Wednesday, May 6, 2015

Writing Wednesday: The Art & The Artist

At the end of March I got into a feud with a couple of (former) associates because one had given a third associate a bad review.  I don't like naming names, but you can find out all about it here.  Anyway, it was pretty pointless because you can't convince a jerk he's a jerk.  I mean people have been trying to convince me for 20 years and it still hasn't worked.

At one point the party in question said basically, "I only gave her book a bad review; it's not like I said anything bad about her."  Which I always think is a lame dodge.  This idea that the art and artist are somehow not one and the same strikes me as a copout so someone can justify being an asshole.  Again, I've probably done it myself a few times.

It's kind of sad when another writer says this, because he should know better.  If you've written a book then you know how long it takes--just ask Game of Thrones fans about that--and how much effort it requires.  It's not something you just toss off and forget about, not even when you've written as many books as I have.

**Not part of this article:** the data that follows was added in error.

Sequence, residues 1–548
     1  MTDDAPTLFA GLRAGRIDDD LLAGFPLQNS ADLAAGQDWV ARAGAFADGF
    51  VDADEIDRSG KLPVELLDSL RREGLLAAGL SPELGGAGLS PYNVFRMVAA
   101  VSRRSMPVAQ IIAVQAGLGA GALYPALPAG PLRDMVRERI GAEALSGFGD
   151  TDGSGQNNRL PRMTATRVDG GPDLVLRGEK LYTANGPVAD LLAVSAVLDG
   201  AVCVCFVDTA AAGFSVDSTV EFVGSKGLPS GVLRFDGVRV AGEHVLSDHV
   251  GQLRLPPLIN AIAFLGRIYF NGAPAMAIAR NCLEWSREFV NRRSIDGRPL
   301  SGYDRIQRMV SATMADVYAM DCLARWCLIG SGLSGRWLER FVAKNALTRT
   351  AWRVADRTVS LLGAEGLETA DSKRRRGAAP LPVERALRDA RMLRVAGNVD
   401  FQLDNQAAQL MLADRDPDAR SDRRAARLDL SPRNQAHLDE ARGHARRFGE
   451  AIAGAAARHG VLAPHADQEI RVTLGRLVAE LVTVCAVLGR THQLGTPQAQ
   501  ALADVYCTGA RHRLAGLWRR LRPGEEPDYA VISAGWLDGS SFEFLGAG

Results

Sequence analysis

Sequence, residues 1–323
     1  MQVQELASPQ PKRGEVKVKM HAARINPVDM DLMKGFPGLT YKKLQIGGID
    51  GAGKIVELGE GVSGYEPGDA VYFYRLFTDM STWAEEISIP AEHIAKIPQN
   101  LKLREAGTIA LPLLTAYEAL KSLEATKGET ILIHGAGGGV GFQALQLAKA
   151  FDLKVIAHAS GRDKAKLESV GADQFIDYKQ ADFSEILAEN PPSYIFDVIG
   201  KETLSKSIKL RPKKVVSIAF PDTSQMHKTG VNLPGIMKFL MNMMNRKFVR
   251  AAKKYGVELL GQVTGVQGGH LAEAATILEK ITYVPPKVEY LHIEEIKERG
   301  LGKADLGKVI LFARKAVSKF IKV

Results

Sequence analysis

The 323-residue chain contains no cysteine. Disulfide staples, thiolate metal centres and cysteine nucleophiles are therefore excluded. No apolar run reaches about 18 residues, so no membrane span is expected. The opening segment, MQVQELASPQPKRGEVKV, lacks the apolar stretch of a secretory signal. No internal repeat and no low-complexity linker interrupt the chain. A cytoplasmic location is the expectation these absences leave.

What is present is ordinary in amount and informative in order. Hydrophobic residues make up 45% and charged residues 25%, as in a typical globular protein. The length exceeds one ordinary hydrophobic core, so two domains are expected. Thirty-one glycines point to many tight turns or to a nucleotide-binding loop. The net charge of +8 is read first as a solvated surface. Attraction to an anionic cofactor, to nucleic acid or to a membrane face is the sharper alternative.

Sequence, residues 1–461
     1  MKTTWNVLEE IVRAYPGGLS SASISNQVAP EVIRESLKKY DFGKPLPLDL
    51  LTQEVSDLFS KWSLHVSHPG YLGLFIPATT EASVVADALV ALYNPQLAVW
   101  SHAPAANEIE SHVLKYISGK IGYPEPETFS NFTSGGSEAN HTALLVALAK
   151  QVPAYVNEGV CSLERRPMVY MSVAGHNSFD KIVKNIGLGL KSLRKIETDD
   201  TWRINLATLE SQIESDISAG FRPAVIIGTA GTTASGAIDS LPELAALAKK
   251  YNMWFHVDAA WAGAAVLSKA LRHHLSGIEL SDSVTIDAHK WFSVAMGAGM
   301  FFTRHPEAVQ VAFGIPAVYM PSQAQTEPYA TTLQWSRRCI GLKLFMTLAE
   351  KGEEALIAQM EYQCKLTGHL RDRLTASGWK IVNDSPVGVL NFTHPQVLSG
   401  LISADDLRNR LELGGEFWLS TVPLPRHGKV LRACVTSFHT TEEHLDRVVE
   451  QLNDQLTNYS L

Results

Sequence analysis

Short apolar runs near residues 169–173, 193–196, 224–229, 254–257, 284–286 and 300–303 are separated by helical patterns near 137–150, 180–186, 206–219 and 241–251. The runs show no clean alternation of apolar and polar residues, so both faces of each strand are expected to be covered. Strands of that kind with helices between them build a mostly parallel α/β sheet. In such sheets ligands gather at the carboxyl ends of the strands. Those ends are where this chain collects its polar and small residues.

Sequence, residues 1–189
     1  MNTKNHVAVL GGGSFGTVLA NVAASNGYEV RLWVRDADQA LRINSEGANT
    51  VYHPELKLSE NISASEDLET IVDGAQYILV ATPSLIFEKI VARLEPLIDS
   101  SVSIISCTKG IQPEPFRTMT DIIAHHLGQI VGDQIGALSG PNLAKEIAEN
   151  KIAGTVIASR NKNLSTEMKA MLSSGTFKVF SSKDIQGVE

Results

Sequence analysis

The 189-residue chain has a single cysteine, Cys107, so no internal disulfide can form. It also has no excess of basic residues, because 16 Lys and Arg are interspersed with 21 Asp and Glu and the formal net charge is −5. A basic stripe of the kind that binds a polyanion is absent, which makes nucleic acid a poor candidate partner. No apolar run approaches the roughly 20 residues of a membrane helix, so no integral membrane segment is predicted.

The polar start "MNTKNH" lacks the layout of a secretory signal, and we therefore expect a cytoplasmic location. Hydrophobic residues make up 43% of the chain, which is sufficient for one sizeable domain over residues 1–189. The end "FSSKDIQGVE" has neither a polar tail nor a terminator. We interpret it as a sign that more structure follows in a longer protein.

All right, so it takes a lot of work to make a book.  And after all that work, who wants some jerk to come along and say, "That sucks?"  Especially when it's a jerk you know and whom you've been collaborating with for over a year.  Can you imagine if da Vinci finished the Mona Lisa and then some buddy of his walked by and said, "Boy that really sucks.  Why isn't she smiling more?"

But hey, don't take it personal because I'm just saying your work sucks, not you.  Like in The Godfather, it's nothing personal, just business.  Uh-huh, sure.  Where I come from, you're supposed to take pride in your work.  Even when your work is something fairly ridiculous like this:

I still took the time and effort to pull that story out of my brain and put it down on the screen and then send it out into the world.  Even if it's not my name on the cover, it's still my work.  Even if it's a ridiculous story, I still take writing it seriously.  So when someone says something bad about it, I get pissed off like they said something bad about me.  My books are a part of me; they're part of who I am.

But maybe you're a cold-blooded Vulcan or android or something and don't have emotions.  You can disagree in the comments, but be warned; I take blog writing seriously too.

3 comments:

  1. Criticism is always hard, but if I had a buddy and they had honest criticism I'd want to hear it. Otherwise, how can you make it better. But that's just me.

    ReplyDelete
  2. I have a crit partners because I want to know if something isn't working or how it can be better. But that's different than getting a bad review posted to the public from a friend.

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